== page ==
It's Lindor! It's Tircis! and all our vanquishers!
It's Myrtil! It's Lydia! The queens of our hearts!
How they provoke us! How they are always so proud!
How they dare to control our destinies and our days!
Pay attention! Observe the beat!
O the mortal injury!
The cadence is slower! The fall more certain!
We shall beat back their cackles!
We will soon be their stooges!
They are so ugly! Such darling little faces!
They are so foolish! Such coquettish airs!
And it's always the same, and so it shall always be!
We love them! We hate them! We speak ill of their loves!
Farewell, Myrtil! Egle! Chloe! mocking demons!
So it is farewell and good day to the tyrants of our hearts!
And good day!
Trans. Ahmed E. Ismail
Page 20, Poor Palamède! Chopin, Nocturne in C-sharp minor, op. posth. (arr. for violin). Midori, violin.
Page 21,Tragedia dell’Arte Debussy, Fantoches. From Fêtes galantes, by Verlaine. Véronique Gens,
soprano, Jeff Cohen, piano.
Scaramouche et Pulcinella,
Qu'un mauvais dessein rassembla,
Gesticulent noirs sous la lune,
Cependant l'excellent docteur
Bolonais cueille avec lenteur
Des simples parmi l'herbe brune.
Lors sa fille, piquant minois,
Sous la charmille, en tapinois,
Se glisse demi-nue, en quête
De son beau pirate espagnol,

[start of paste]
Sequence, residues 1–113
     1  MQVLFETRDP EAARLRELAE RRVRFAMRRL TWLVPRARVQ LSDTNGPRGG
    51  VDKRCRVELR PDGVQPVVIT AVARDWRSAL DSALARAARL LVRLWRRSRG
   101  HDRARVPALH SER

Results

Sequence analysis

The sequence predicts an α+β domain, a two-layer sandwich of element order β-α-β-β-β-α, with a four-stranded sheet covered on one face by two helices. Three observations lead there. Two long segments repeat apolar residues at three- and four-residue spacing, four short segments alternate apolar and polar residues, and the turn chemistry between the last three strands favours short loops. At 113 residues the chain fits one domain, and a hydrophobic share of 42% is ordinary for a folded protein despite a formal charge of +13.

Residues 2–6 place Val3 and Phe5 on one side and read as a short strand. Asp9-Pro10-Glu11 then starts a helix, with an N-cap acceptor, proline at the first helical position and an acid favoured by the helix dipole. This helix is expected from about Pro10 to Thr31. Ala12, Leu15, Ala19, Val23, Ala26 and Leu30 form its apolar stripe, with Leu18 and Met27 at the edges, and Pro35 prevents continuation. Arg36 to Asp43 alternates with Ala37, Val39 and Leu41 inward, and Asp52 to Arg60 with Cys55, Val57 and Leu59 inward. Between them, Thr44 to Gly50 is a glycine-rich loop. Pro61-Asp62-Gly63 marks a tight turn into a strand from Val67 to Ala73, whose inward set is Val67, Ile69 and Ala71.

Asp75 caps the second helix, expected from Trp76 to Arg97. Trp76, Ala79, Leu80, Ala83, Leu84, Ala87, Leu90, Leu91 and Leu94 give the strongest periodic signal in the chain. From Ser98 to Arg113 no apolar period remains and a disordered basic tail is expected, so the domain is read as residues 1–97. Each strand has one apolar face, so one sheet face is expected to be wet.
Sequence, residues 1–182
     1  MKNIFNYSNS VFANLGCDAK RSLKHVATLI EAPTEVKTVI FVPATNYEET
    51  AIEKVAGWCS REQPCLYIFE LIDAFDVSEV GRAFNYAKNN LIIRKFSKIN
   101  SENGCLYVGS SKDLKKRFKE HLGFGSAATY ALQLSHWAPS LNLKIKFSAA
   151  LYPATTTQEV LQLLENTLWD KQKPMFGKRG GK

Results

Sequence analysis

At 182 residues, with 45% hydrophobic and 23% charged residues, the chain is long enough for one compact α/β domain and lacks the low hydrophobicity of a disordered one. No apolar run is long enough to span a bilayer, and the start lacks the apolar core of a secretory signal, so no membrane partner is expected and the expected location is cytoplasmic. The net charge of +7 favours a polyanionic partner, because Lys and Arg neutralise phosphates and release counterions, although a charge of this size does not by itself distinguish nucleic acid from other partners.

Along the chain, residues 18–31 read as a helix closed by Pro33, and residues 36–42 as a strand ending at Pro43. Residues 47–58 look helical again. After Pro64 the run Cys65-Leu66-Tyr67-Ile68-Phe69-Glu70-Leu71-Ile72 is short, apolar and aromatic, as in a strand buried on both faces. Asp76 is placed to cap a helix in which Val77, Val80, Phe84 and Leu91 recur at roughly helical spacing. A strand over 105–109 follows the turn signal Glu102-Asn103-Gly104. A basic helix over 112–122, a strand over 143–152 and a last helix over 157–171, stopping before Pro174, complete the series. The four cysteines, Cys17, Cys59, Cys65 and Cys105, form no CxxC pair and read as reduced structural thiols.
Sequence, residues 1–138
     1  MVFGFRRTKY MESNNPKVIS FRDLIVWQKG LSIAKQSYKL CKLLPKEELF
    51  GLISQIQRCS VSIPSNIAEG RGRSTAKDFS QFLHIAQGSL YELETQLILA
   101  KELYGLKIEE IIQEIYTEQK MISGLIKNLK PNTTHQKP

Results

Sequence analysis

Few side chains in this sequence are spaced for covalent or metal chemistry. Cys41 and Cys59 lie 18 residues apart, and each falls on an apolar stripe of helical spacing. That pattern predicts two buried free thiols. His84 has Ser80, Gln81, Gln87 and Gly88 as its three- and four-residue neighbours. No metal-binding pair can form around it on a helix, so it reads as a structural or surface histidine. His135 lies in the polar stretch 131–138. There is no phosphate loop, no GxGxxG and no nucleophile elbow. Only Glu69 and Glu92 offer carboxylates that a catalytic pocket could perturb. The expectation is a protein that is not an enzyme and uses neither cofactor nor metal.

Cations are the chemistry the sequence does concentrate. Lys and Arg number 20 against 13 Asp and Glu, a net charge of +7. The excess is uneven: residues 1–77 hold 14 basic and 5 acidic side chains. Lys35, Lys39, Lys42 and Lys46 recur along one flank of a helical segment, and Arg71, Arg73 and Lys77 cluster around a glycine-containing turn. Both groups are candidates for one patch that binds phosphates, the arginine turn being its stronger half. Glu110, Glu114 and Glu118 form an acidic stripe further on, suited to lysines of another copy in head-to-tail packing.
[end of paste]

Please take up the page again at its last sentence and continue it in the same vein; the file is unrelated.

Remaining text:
Dont un langoureux rossignol
Clame la détresse à tue-tête.
Puppets Scaramouche and Pulcinella,
brought together by some evil scheme
gesticulate, black beneath the moon.
Meanwhile, the learned doctor
from Bologna slowly gathers
medicinal herbs in the brown grass.
Then his sassy-faced daughter
sneaks underneath the arbor
half-naked, in quest
Of her handsome Spanish pirate,
whose distress a languorous nightingale
Trans. Clara Claycomb
Page 22,Tragedia dell’Arte Stravinsky, Suite No. 2 for Small Orchestra. “Harlequin.” CBCSO, Stravinsky, conductor.
Stravinsky, Suite No. 2 for Small Orchestra. “Columbine.” CBCSO, Stravinsky, conductor.
Stravinsky, Suite No. 1 for Small Orchestra. “Pierrot.” CBCSO, Stravinsky, conductor.
Page 26,Tragedia dell’Arte Debussy, Clair de lune. From Fêtes galantes. Text by Verlaine. Véronique Gens,
soprano, Roger Vignoles, piano. (Illustration, next page: Collin Campbell Cooper:
A Garden in Granada in the Moonlight.)
Votre âme est un paysage choisi
Que vont charmant masques et bergamasques,
Jouant du luth et dansant, et quasi
Tristes sous leurs déguisements fantasques!
Tout en chantant sur le mode mineur
L'amour vainqueur et la vie opportune.
Ils n'ont pas l'air de croire à leur bonheur,
Et leur chanson se mêle au clair de lune,
Au calme clair de lune triste et beau,
Qui fait rêver les oiseaux dans les arbres,
Et sangloter d'extase les jets d'eau,
Les grands jets d'eau sveltes parmi les marbres.
Moonlight Your soul is an exquisite landscape
charmed by masquers and revellers
playing the lute and dancing and almost
sad beneath their fanciful disguises!
Even while singing, in a minor key,
of victorious love and the good life,
they do not seem to believe in their happiness,
and their song mingles with the moonlight,
the calm moonlight, sad and beautiful,
which sets the birds to dreaming in the trees,
and makes the fountains sob with ecstasy,
the tall slender fountains among the statues.
Trans. Peter Low (with alterations)
Page 26,Farewell for Now
Fauré, Berceuse, Op. 16. Renaud Capuçon, violin, Michel Dalberto, piano.